- A study in the Lancet predicts the global population will peak at 9.7 billion around 2064, then drop off to 8.8 billion towards the end of the century.
- Countries including Spain, Portugal, and Thailand will see their populations halved.
- More women in education and in the workforce, combined with the availability of contraception has led to a fall in fertility rates.
People around the globe are having way fewer babies. By the year 2100, that might turn into a pretty big problem for humanity — rather than the relief one might expect.
If they aren’t already, dozens of countries’ populations will be going into decline in this century, according to a new study published in the Lancet this week. 23 countries are expected to feel this effect intensify, with their populations dropping to half of what they are now by the year 2100.
The global population will peak at 9.7 billion around 2064, according to the new projection, and then drop off to 8.8 billion towards the end of the century.
“That’s a pretty big thing; most of the world is transitioning into natural population decline,” Christopher Murray, co-author and researcher at the University of Washington, Seattle, told the BBC. “I think it’s incredibly hard to think this through and recognize how big a thing this is; it’s extraordinary, we’ll have to reorganize societies.”
The reality is that with more women receiving an education and entering the work force, combined with the wide availability of contraception, fertility rates are dropping, sometimes precipitously, around the world — a stark reversal of the baby boom following the Second World War.
Countries including Spain, Portugal, and Thailand will have their populations more than halve by the end of the century — “jaw-dropping,” according to Murray.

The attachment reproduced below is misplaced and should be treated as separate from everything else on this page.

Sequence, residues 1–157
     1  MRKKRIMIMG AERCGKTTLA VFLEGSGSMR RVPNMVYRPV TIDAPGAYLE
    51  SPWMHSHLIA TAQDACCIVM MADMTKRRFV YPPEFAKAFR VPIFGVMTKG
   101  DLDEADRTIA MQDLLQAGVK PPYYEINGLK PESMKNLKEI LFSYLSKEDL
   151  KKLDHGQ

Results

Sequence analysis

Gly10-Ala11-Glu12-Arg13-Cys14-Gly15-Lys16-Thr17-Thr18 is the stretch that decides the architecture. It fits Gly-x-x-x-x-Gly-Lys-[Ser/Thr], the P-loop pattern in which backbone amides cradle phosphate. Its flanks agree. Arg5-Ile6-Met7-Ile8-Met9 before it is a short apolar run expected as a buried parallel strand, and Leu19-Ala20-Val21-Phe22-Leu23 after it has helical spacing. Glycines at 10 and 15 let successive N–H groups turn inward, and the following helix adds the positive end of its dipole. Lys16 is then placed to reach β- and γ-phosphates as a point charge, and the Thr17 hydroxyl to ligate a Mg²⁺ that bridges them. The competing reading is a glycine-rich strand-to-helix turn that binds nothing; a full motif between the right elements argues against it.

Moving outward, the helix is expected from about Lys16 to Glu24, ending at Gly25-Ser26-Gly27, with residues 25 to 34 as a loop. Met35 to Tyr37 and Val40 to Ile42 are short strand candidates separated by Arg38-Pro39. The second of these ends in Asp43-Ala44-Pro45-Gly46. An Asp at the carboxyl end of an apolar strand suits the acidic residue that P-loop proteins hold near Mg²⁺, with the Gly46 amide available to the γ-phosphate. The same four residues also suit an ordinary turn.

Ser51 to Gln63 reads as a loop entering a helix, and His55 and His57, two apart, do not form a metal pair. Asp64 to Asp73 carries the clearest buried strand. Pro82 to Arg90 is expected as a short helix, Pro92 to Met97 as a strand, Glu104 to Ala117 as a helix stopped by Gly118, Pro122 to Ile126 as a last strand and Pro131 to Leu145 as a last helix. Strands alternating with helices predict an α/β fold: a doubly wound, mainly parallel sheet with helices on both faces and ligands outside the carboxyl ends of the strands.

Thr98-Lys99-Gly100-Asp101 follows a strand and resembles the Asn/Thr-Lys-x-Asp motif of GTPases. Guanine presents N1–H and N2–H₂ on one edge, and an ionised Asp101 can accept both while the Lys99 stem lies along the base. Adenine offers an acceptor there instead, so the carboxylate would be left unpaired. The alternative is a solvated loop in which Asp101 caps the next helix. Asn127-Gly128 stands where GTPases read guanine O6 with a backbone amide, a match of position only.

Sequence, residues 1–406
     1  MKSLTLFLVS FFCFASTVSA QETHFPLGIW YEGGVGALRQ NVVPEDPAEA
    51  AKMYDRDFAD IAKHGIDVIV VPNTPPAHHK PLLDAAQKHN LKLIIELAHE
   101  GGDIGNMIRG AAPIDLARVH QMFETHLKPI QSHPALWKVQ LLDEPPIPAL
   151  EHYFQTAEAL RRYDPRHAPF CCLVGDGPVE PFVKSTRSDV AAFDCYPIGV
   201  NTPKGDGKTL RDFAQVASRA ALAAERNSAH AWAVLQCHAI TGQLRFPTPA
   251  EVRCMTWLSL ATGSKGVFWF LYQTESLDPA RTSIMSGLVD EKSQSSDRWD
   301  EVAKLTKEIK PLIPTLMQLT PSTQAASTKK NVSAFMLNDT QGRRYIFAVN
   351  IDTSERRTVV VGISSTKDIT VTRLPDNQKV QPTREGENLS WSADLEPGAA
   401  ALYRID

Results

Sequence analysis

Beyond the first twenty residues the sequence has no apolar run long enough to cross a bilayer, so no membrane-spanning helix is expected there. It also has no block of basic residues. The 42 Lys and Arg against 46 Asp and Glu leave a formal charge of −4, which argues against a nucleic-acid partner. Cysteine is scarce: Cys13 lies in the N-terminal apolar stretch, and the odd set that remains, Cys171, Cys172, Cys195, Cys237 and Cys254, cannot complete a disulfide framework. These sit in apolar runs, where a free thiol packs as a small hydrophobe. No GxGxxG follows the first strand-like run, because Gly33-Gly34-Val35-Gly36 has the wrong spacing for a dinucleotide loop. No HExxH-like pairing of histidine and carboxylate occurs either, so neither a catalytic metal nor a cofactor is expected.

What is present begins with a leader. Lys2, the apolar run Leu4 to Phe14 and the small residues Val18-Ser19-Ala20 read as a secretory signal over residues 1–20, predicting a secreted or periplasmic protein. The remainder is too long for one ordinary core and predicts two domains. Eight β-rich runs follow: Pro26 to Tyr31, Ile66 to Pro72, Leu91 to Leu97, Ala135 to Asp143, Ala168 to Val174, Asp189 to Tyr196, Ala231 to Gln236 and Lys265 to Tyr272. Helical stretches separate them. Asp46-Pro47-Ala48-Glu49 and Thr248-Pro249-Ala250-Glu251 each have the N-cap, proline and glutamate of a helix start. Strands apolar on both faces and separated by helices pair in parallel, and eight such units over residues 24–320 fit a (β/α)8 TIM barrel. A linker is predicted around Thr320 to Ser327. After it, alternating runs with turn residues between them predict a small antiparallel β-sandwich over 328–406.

But aren’t fewer humans better for a ravished world that’s rapidly being drained of its resources? The researchers suggest that there may be fewer babies being born, but any positive consequences for the environment would be offset by the challenges of a rapidly aging population.
Much older populations “will create enormous social change,” Murray told the BBC. “Who pays tax in a massively aged world? Who pays for healthcare for the elderly? Who looks after the elderly? Will people still be able to retire from work?”
“We need a soft landing,” he added.
Declining populations around the globe will force our hand to come up with solutions. The success of economies around the world will become increasingly dependent on immigrants and open borders.
Africa will only feel the effects of declining populations much later, with populations in several African nations ballooning, instead of shrinking, in population size by 2100. In fact, the researchers note that Nigeria is projected to become the second most populous country in the world, with 791 million people by 2100.
“We will have many more people of African descent in many more countries as we go through this,” Murray told the BBC, noting that the world will have to address “challenges around racism” as a result.
It’s unclear how the world should adapt to these looming realities. We’ve only seen limited success in promoting childbirth using policy tools like longer maternity and paternity leave, childcare, and financial incentives.
“If you can’t [find a solution] then eventually the species disappears, but that’s a few centuries away,” Murray said.